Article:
Kathryn Bertine's letter to Santa
Despite the fact I am roughly 30 years too old to be writing you, thought I'd get in touch. Santa, I'm pretty lucky not to be in need of anything tangible. I've got health, happiness and love, so I'm all set in the universal sense. Unless you happen to be buddies with the head of the IOC and the UCI (Union Cycliste Internationale), and can put in a good word for me during my Olympic qualification attempt this year in road cycling. Still, I'm pretty sure that's a whole different kind of gift, and one I'm likely responsible for on my own.
Instead of presents under the tree, I thought I'd ask you for some mental and emotional gifts this year. See, 2012 is coming up and it is gonna be a toughie -- in the worthwhile sense -- as I shoot for a spot at the Games. I'm not sure if you have any magic sprinkle dust that takes care of minor mental woes, but if you do, my Christmas wish is that you pepper some of it into my oatmeal, or make it into some new-fangled fancy peanut butter. Any medium is acceptable, though a syringe might raise eyebrows. Here's my wish list:
1. Watts. I could use more watts. The ones I have are pretty good, but if you have some extras lying around the workshop, I'll most happily take them.
2. New pants. One of my former competitors, 2008 U.S. criterium and road race national champion Brooke Miller, once gave me some really good advice about bike racing. She said that before I get to the start line of a race, I need to put on my "Forget You" Pants. Apparently these help an athlete focus on her goals, and do a lot to intimidate the competition. I think these pants are metaphorical, but if you have any in stock, I'll take a medium. Seven pairs of them.
3. The UCI has a rule that the majority of the riders on a professional women's team must have a racing age of less than 28 years old. In a sport like cycling, where many women peak -- and win world and Olympic titles -- in their mid-30s, well, this backdated rule isn't helping women sustain careers in the sport. Wondering if you can sprinkle a dose of reality to the UCI.
4. TV time for female athletes. Santa, this one is not specific to cycling, but to all women athletes and teams in the majority of sports. For the love of Rudolph, can you please rewire the minds of our TV execs with an "If you build it, they will come" mentality? If they take a leap of faith and broadcast women's sports in a manner that educates and excites, they will be rewarded with a larger audience and higher ratings. If they don't know how do to this, please have them call me. I have a black belt in Getting Things Done.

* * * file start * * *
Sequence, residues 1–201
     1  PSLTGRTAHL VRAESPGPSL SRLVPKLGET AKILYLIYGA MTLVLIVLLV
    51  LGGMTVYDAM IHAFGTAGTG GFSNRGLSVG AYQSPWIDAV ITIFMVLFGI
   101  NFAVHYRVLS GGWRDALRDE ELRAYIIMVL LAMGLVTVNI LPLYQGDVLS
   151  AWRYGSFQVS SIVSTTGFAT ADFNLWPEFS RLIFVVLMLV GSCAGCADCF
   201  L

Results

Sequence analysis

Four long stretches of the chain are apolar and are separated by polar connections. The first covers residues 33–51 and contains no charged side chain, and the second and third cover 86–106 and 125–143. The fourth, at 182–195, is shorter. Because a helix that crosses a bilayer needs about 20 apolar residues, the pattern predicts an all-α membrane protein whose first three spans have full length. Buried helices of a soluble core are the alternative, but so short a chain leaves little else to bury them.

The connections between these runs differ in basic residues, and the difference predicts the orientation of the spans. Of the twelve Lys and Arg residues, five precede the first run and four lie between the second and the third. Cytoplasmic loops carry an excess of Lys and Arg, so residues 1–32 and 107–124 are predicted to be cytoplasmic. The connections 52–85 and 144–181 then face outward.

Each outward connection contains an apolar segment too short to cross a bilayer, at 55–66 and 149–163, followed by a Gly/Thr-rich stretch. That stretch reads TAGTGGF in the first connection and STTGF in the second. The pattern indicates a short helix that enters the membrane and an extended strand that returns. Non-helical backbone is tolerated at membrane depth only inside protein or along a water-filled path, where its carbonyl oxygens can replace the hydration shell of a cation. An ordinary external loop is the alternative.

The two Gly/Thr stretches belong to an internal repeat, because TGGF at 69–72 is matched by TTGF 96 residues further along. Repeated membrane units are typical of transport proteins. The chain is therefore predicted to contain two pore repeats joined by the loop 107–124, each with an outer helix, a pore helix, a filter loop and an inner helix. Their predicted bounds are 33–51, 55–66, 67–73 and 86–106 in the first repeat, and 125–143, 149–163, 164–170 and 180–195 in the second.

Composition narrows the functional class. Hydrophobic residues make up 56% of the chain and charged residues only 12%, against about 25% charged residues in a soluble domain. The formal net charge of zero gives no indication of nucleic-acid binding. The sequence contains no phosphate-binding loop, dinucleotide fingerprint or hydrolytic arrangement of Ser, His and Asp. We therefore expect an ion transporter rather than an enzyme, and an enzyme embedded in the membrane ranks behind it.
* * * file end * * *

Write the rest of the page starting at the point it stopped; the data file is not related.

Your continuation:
5. Stupidity. Likely something not often requested as a gift, I'm looking for a little extra stupidity this year. Not that I don't have plenty of my own; the problem is, I tend to think too much in races. I wonder what others are doing, worry about the ifs and whens of attacks and counterattacks, and question whether or not I can do this or that. I'd really like to see what my body can do without my head getting in the way. Do you have something that could turn my brain off for a few hours a day? Perhaps a pocket-size wooden club?
6. Have your elves invented a bicycle that doesn't revert a cyclist's posture to that of Paleolithic knuckle- draggers? I used to get compliments on my posture. After five years on the bike, I'm about one genome away from Igor.
7. If possible, could you sprinkle some magic dust on athletes who take performance-enhancing drugs so that they spontaneously combust mid-race? That would be cool, Santa.
8. I'm trying really hard to enjoy yoga. I suppose I am asking you to bring me patience, or reduce my competitive urge to knock over the 80-year-old who can touch his toes. What a show-off.
9. In my attempt to race for Olympic points, it is nearly impossible to get to all of the qualifiers. If you're not using your sled for 364 days of the year, could I borrow it to reach some of my races? Or, if you're more comfortable doing the driving, I'll reimburse you for the ... reindeer hay. Either way, it would be cheaper than flying Delta. Thanks, Santa.
10. Finally, I I'd like to ask you for one last thing, Big Red. I should probably ask you for superhuman strength or the ability to win races or multiple trips to the UCI podiums next year. You'd probably tell me all that potential stuff is already inside me. In that case, I'd like to ask you for a map. I know my potential is in there, too, and will try to find it with the pocket-sized club, but if you have a map of my head, heart and future, that would be most handy. If not, that's OK. I'll figure it out with my newfound stupidity. But man, I could really use the pants, watts and sled.
Thanks for reading, and Merry Christmas, Santa. Hope you, the wife and abundant family of tiny people and odd pets are doing great.